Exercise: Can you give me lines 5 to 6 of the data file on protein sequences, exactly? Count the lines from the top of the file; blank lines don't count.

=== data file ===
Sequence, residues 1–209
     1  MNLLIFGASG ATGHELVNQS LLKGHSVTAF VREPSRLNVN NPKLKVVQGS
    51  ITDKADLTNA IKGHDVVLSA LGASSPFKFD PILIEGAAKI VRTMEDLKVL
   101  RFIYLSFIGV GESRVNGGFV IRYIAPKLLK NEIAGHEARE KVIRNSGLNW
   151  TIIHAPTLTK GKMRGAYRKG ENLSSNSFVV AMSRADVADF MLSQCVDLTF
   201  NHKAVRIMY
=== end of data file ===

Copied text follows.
   151  TIIHAPTLTK GKMRGAYRKG ENLSSNSFVV AMSRADVADF MLSQCVDLTF
   201  NHKAVRIMY